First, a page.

Jennifer Cho Teacher BBRC Big Bear Retreat Center Deep Belonging

Jennifer Cho

Jennifer Cho has been a student of meditation for over 20 years.  She sat her first silent meditation retreat with Thich Nhat Hanh, where she felt her heart break open in the presence of embodied practice and teaching, and she has been walking the path ever since.   She has practiced Zen in the tradition of Thich Nhat Hanh with the Mindfulness Practice Center of Fairfax, Insight (Vipassana) with the Insight Meditation Community of Washington DC (IMCW), non-dual with teachers from Open Gate Sangha, and Theravada with the Dassanaya Buddhist Community.  She has been a longtime member of the IMCW sangha and has studied closely with Jonathan Foust, one of IMCW’s guiding teachers.  She completed the Year of Living Mindfully with Jonathan in 2015 and was encouraged to teach.  She has completed other intensive meditation study programs associated with IMCW and the Dassanaya Buddhist Community.  Jennifer is a board member of the Dassanaya Buddhist Community, where she also guest teaches.

Jennifer Cho, LCSW, is also a licensed clinical social worker and mindfulness teacher at the US Department of Veterans Affairs.  She has been teaching Mindfulness Based Stress Reduction (MBSR) courses since 2013 and completed her MBSR training with the Center for Mindfulness, University of Massachusetts Medical School.  She is on the faculty of VA CALM, the national mindfulness facilitator training program for clinicians at the US Department of Veterans Affairs and has taught multidisciplinary trainees and staff in mindfulness facilitation.  She has worked at the VA in the PTSD program and the Whole Health program for almost 20 years, is specialized in integrative trauma therapy, and is a yoga teacher in addition to being trained in a variety of other complementary and integrative health modalities.  She has had the privilege of walking alongside thousands of individuals on their unique journeys of health and healing.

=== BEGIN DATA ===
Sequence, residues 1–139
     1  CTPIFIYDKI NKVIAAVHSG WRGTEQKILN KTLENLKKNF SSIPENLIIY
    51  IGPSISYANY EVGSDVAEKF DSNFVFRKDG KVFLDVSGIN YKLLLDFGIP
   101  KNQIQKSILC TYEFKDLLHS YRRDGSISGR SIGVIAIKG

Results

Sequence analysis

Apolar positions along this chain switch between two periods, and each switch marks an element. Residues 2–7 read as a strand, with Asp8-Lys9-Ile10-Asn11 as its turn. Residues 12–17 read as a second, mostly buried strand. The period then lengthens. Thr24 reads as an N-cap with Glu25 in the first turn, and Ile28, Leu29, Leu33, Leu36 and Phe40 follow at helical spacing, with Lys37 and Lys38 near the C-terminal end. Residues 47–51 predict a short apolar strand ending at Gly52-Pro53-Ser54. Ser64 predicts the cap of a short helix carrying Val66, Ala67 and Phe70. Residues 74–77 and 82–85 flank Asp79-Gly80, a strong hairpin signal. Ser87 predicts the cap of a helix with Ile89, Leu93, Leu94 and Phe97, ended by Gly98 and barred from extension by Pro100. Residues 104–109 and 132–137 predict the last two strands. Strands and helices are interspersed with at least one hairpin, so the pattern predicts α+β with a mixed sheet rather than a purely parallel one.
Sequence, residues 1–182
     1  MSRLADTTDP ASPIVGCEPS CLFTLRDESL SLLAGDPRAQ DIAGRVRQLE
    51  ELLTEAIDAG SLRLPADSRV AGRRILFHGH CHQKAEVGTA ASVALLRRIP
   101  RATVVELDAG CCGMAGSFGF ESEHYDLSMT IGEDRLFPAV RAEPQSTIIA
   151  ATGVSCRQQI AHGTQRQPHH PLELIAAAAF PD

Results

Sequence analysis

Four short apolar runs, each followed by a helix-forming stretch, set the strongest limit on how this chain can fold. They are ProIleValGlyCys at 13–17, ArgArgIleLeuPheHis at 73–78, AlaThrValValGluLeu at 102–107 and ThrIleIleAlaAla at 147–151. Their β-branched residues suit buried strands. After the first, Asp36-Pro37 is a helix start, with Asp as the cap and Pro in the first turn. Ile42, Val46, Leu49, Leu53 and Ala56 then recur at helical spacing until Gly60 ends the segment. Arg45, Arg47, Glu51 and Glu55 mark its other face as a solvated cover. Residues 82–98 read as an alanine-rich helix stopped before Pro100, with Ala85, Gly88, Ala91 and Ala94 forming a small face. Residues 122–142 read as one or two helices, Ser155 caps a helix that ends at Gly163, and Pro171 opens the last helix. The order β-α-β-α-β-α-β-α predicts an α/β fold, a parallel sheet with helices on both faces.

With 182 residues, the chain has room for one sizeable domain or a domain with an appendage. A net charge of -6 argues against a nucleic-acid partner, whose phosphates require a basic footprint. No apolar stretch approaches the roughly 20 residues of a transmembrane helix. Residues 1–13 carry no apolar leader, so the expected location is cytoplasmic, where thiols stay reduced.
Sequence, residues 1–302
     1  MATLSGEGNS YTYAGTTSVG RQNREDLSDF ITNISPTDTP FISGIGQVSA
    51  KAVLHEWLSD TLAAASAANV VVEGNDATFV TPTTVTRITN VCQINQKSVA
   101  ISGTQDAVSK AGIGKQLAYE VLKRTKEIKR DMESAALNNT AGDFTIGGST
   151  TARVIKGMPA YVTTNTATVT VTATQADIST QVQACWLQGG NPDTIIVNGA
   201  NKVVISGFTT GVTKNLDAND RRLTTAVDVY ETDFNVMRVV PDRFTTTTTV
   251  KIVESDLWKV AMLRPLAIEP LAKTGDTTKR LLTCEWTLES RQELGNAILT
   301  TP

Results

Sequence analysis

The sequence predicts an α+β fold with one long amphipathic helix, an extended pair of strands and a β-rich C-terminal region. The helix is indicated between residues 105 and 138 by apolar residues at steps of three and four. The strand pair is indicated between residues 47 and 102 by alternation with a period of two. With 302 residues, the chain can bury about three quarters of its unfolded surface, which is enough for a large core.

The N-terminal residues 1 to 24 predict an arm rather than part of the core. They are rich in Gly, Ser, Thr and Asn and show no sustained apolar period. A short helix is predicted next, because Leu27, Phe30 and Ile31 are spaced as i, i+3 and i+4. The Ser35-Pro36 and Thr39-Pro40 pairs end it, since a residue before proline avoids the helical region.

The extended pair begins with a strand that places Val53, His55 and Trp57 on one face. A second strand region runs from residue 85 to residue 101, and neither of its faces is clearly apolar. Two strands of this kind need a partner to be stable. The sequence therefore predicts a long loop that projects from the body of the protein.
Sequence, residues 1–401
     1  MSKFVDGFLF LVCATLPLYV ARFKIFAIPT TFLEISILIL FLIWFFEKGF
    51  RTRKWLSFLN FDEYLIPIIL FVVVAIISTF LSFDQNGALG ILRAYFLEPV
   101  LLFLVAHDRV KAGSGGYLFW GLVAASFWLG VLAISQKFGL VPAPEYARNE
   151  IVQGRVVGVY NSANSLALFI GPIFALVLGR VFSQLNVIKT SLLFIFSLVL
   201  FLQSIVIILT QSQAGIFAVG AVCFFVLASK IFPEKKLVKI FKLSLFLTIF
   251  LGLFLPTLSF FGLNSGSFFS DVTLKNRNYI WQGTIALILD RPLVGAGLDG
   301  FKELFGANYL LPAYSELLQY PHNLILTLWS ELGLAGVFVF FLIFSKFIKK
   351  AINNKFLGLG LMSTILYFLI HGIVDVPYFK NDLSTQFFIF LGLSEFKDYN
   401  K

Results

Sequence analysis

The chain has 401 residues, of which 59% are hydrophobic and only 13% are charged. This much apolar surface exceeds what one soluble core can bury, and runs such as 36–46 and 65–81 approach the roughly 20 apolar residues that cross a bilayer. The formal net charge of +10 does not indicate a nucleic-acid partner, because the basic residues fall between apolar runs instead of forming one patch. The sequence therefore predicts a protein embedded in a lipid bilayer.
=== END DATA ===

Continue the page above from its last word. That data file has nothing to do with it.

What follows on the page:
Jennifer is a divorced single working mom to a tween and a dog.  She is a first-generation immigrant who grew up in rural Pennsylvania and now lives in a zip code with people from more than 130 countries speaking at least a hundred different languages.  She has meditated in remote huts with sunsets in the background and she more often practices the dharma while trying to get her tween to wake up in the morning, with a sink full of dishes, and looming work deadlines.  Her friendly, accessible, and practical teaching style welcomes people from all walks of life, in the fullness of their lives.  She invites people to discover the peace, joy and freedom possible in the dharma, even while they are doing the laundry.